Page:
Neuronal mechanisms underlying development of nicotine dependence: Implications for_x000D_ new smoking-cessation treatments.
Periodical: Addiction Research and Theory Index Medicus:
Authors: DSouza MS & Markou A ART
Yr: 2011 Vol: 6 Nbr: 1 Abs: Pg: 4-16

Effects of mGluR5 antagonist MPEP microinjections in the nucleus accumbens and ventral tegmental area on nicotine and food self-administration
Periodical: Neuropharmacology Index Medicus:
Authors: DSouza MS and Markou A ART
Yr: 2011 Vol: 61 Nbr: 8 Abs: Pg: 1399-405

Schizophrenia and tobacco smoking comorbidity: nAChR agonists in the treatment of_x000D_ schizophrenia-associated cognitive deficits.
Periodical: Neuropharmacology Index Medicus:
Authors: DSouza MS & Markou A ART
Yr: 2012 Vol: 62 Nbr: 3 Abs: Pg: 1564-73

The metabotropic glutamatergic 2/3 receptor agonist LY379268 blocked nicotine-induced increases in the nucleus accumbens shell dopamine in rats in the presence of nicotine-associated context in rats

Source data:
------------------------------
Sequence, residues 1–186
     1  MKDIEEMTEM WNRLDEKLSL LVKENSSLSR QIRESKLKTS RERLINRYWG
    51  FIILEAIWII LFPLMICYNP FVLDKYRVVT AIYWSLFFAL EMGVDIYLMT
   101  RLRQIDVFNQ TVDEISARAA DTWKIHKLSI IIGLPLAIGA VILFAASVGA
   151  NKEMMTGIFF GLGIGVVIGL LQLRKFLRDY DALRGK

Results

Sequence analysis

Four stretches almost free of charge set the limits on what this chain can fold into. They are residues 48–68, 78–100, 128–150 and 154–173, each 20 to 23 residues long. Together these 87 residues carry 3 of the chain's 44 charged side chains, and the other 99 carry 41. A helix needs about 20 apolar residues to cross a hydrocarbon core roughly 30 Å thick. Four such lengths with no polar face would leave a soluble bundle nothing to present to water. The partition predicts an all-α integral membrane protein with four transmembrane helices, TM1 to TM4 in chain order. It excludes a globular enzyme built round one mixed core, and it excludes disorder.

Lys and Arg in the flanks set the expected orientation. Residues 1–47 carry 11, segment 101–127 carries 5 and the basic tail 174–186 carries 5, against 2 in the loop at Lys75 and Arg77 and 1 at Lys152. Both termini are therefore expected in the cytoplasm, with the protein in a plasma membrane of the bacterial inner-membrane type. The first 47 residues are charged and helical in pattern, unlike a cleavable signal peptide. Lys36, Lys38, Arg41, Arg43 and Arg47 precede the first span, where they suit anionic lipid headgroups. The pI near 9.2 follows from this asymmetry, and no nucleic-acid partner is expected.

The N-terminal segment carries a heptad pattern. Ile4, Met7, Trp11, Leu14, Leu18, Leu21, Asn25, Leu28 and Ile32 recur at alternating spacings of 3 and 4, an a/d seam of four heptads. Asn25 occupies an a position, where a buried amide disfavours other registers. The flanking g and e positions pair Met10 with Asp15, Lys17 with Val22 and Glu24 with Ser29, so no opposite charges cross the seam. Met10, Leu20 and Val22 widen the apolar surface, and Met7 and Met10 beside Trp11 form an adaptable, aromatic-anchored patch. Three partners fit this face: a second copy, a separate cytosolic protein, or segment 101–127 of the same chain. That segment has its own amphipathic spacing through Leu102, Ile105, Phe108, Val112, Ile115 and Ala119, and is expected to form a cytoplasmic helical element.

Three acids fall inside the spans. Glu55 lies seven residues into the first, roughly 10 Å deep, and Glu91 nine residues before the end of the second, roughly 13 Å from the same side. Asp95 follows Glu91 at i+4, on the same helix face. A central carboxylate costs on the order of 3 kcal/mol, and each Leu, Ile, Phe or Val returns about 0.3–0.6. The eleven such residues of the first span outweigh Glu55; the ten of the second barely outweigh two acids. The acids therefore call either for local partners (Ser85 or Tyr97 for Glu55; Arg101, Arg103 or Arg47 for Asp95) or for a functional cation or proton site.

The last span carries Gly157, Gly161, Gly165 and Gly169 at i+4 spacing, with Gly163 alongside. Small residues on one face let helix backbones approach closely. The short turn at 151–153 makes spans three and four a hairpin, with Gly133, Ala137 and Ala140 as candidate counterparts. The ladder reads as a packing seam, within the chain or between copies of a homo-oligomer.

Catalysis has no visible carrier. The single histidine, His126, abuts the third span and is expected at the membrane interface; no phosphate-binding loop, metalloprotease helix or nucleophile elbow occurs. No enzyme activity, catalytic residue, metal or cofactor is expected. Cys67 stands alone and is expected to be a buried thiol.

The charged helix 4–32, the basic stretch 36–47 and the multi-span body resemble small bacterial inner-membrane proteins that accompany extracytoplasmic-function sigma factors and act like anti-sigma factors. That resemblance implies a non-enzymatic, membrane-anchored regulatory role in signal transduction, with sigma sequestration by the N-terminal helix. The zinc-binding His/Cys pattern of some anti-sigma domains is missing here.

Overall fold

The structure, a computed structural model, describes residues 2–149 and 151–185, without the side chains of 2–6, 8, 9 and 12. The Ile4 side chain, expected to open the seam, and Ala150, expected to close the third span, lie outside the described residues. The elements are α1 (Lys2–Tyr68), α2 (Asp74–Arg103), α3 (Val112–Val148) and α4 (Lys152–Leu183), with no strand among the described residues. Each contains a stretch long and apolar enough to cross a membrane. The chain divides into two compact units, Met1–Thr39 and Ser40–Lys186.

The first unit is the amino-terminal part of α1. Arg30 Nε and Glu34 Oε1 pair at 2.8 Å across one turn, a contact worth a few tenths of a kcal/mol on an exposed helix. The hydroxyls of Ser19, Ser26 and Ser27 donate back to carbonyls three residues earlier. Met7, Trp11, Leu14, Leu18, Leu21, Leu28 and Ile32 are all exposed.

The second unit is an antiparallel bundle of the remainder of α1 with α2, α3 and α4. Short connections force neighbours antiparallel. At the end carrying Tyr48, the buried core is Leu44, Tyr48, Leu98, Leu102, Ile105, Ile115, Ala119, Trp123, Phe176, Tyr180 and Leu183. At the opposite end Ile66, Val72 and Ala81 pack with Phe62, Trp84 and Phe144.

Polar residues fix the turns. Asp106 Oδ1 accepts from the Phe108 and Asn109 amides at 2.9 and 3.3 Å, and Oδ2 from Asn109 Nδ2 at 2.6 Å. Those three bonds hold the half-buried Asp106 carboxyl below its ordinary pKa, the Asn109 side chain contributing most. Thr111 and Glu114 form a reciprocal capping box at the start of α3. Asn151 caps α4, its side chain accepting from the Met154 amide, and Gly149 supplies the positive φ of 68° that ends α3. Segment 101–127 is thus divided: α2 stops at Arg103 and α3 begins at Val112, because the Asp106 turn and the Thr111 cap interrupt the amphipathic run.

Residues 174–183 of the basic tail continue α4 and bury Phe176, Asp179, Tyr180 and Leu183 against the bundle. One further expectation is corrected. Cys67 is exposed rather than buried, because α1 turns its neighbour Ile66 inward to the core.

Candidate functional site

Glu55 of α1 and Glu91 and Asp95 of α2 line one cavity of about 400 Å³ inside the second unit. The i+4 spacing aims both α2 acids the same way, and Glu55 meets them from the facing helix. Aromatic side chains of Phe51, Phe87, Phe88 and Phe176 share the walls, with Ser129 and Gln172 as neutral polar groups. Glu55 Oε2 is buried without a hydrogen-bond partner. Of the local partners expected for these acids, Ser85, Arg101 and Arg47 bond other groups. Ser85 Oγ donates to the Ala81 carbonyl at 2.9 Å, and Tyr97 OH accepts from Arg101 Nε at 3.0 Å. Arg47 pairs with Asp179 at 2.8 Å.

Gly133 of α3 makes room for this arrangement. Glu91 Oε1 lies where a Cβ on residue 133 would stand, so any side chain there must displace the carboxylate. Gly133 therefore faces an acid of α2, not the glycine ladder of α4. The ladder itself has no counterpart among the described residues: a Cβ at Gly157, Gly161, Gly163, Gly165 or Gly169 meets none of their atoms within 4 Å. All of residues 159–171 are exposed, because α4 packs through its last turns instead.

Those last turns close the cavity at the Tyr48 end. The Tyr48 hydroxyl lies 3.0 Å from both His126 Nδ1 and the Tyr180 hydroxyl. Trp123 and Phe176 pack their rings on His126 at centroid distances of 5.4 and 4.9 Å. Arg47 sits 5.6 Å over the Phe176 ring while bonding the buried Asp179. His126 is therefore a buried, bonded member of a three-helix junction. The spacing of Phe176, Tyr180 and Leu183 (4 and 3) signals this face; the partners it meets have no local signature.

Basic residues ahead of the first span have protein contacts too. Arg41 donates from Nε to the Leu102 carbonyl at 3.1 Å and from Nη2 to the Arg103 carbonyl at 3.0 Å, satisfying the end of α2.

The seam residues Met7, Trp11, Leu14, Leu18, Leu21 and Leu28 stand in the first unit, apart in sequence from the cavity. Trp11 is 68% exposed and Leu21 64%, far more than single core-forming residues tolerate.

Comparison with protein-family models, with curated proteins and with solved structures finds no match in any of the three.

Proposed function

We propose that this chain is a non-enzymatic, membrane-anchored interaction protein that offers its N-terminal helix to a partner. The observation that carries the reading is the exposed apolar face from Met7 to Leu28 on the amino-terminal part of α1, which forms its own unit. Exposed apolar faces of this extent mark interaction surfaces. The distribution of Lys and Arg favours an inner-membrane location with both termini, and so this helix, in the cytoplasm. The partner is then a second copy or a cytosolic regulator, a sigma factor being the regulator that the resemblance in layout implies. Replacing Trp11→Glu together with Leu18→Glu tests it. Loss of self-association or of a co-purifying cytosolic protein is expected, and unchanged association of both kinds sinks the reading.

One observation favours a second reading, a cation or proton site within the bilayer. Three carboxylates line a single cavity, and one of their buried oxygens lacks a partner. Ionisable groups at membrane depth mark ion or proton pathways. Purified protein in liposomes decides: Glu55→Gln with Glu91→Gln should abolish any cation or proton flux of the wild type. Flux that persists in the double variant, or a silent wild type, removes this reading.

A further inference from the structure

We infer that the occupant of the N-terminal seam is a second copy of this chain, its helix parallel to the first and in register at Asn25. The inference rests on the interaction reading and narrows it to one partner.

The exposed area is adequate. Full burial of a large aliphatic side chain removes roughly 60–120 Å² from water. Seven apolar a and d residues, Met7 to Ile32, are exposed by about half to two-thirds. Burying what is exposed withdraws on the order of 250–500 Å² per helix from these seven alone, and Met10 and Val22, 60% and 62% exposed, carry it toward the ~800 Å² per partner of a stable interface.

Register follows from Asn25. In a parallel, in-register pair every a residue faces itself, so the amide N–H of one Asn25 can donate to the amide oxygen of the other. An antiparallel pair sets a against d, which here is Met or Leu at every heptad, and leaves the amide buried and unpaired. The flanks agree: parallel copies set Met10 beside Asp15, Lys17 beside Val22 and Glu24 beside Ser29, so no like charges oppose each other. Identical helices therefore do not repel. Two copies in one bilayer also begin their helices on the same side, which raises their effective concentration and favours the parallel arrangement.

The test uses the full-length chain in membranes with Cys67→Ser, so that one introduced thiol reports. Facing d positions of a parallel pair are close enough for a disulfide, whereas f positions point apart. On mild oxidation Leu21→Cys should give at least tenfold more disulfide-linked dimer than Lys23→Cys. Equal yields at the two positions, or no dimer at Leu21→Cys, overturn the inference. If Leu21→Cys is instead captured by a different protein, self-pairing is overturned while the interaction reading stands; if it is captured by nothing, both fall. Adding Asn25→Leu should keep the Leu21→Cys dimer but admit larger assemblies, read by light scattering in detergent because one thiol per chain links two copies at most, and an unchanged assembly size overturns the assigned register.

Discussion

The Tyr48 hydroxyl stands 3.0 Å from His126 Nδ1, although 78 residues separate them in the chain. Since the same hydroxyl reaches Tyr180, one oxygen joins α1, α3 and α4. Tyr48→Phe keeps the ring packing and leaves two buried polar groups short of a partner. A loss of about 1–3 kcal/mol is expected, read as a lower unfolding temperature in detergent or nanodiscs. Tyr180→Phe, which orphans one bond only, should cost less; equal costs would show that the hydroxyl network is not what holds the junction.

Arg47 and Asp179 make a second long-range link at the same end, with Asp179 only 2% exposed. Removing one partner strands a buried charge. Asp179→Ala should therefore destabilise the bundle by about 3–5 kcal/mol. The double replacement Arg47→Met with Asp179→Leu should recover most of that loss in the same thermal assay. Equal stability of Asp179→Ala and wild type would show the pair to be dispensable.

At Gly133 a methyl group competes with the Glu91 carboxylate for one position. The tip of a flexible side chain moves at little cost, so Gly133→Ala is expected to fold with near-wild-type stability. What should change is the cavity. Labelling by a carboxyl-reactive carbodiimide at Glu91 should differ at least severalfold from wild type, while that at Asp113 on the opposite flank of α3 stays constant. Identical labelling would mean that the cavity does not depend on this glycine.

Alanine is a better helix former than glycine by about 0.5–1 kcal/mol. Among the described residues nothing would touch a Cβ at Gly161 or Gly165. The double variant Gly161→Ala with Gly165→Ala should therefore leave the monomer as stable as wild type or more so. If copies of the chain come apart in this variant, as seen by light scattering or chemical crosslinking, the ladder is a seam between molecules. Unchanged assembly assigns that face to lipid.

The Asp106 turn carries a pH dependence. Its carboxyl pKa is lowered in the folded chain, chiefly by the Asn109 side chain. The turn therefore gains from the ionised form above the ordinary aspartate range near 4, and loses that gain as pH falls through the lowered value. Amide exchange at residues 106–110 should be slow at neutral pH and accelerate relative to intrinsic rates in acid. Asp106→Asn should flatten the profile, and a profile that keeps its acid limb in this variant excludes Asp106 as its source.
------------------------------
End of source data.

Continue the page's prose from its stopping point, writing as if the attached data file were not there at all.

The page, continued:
Periodical: Neuropsychopharmacology Index Medicus:
Authors: D'Souza MS, Liechti ME, Ramirez AM, Kuczenski R and Markou A ART
Yr: 2011 Vol: 36 Nbr: 10 Abs: Pg: 2111-2124

The metabotropic glutamate receptor 5 antagonist 2-methyl-6- (phenylethynyl) pyridine (MPEP) microinfusions in the nucleus accumbens shell and ventral tegmental area attenuate the reinforcing effects of nicotine in rats
Periodical: Neuropharmacology Index Medicus:
Authors: DSouza MS and Markou A ART
Yr: 2011 Vol: 61 Nbr: 8 Abs: Pg: 1399-1405

N-acetylcysteine decreased nicotine self-administration and cueinduced reinstatement of nicotine-seeking in rats.
Periodical: Psychopharmacology Index Medicus:
Authors: Ramirez A, DSouza MS and Markou A ART
Yr: 2013 Vol: 225 Nbr: 2 Abs: Pg: 473-82